Millions of Americans live with one or more disabilities. Mobility problems, hearing or vision impairments, and chronic illnesses can make it difficult to make a living wage. A disability can substantially limit what jobs you can do or how long you can do them. Some people have trouble working at all because of their disability.
If you’ve become unable to work because of a permanent disability, you may be eligible for benefits through the Social Security Administration (SSA). Here’s what you need to know.
Understanding disability benefits
Becoming unable to work is not an easy experience, but you don’t have to give up hope. Disability benefits are there for people like you.
The benefits you receive depend on your work history. If your work history is solid, you may be eligible for Social Security Disability Insurance (SSDI). Similar to retirement, SSDI is funded by the Social Security taxes you’ve paid over the years. With SSDI, those who have paid more in taxes will receive more in disability benefits.
Unfortunately, many people with disabilities don’t have much of a work history. Supplemental Security Income (SSI) is a need-based benefits program for people who are permanently disabled and have never been able to work.
The Social Security Administration considers a disability “permanent” when it is expected to last at least a year. A terminal illness may also qualify.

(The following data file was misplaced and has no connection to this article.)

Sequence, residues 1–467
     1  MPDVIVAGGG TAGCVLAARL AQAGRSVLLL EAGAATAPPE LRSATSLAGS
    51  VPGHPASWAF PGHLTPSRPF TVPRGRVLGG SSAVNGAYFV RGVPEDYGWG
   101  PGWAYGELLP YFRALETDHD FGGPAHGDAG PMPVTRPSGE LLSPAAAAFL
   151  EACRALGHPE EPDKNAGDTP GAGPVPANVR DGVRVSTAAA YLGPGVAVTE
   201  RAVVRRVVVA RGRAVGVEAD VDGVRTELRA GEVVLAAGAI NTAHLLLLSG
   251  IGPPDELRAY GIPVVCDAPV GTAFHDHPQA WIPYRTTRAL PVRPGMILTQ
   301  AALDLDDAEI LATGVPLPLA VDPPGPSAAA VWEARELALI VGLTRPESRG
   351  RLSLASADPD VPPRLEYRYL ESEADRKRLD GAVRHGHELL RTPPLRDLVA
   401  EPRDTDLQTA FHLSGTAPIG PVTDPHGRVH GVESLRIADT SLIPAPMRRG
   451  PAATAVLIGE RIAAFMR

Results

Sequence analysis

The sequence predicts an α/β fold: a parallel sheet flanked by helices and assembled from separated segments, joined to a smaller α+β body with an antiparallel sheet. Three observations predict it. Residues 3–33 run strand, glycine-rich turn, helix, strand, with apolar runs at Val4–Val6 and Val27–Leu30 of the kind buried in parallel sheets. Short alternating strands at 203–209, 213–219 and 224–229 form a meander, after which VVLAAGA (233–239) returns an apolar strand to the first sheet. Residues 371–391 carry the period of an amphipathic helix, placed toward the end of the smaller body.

Applying for disability benefits
The sad reality is that many people who need these benefits are unable to get them. Funding is limited, and many people people with significant impairments find themselves rejected for unknown reasons. The people who work for Social Security use their own judgment to decide who is eligible for limited funds. Sometimes, they get it wrong.
Contact our Social Security Disability Attorney
Katherine has represented many people like you, and can help you get the benefits you’re entitled to. If your Social Security Disability claim has been rejected, please contact Katherine as soon as possible. The deadline for filing an appeal is 60 days.
If you have any other questions or concerns about your disability case, call our offices for a consultation. You can easily reach us by phone, email, or text message.